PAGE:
One of the concerns I had with Amplitude coming into this quarter is the impact Apple’s IOS privacy updates will have on their ability to track application performance for their customers.

Here is what I found on Amplitude’s help pages.…

Apple announced that iOS 14 will require users to opt in to tracking. This means that the IDFA will only be present for users that explicitly opt in. The expectation is that the percentage of users who opt in will be relatively low.

What are the implications of Apple’s IDFA changes on user tracking?

For all logged-in users, there will be no impact, because even if the device id changes, events will continue to merge from devices when the Amplitude platform receives a common user id. This will only potentially have an impact on anonymous users.

For anonymous users, there will be no changes in most cases because the vast majority of our customers are not setting IDFA as the device id. In the cases where an application is already using IDFA as device id, this device id was stored when the SDK was originally initialized, and it will continue to send Amplitude the same id so long as the application remains installed on the device.

If a user deletes and reinstalls an application that does use IDFA for device id, the former device id will not be retained, and a new random device id will be generated unless the user grants the application permission to use IDFA.

For all new application installs, the SDK will accept IDFA if both the user has opted in and the application chooses to use IDFA.

Does Amplitude require IDFA on attribution events?

We do not require IDFA. Amplitude’s attribution API will accept both IDFA and IDFV, and will attempt to match those ids to user events that subsequently come in. In some cases, IDFV will be sufficient to make a match, but some of our customers’ attribution providers only send IDFA, and we will no longer be able to match attribution events unless the user has explicitly opted in to both the referring and installed application.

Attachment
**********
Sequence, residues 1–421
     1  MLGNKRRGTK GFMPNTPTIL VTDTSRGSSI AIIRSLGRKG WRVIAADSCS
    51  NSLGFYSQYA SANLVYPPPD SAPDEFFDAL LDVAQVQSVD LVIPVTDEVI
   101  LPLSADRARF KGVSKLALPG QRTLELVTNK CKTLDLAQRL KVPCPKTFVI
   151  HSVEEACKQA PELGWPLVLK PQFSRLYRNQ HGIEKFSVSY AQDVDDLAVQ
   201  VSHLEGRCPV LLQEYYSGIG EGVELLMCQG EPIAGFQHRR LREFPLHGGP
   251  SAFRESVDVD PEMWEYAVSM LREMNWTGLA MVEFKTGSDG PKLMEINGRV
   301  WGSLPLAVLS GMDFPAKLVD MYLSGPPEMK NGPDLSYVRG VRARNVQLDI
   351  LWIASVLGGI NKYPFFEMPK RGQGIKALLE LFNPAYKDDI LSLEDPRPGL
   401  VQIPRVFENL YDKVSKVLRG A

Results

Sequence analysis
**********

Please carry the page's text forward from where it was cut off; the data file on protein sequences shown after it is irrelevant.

How will this impact any outbound integrations?

If you are sending data to any of your outbound integrations, there will be a lower match rate if you use IDFA to match devices between Amplitude and the integration. We recommend that you switch to IDFV or another common identifier instead.

While this all falls outside of my technical competence, here is my summary .

Amplitude expects that most IOS users will not opt-in. However, the IOS changes should only affect a minority of their customers who use IDFA (identifier for the advertiser) for device identification. In these cases, they recommend switching to IDFV or another common identifier.

The real problem seems to be for customers who use an attribution provider who only uses IDFA. In this use case, Amplitude will lose the ability to match attribution events. My assumption is that this use case is minor and has less to do with Amplitude and more to do with the customer’s attribution provider.

In the end, I anticipate this to be a non-event for Amplitude investors. With that said, please know that this is out of my realm of expertise and so back-up from someone who speaks this language better would be much appreciated. I simply looked into it because it was an outstanding question in my mind since Apple policy changes are having a tangible impact on some companies who rely on customer tracking.

For more on what an attribution provider is see…

For more on how Amplitude tracks users see…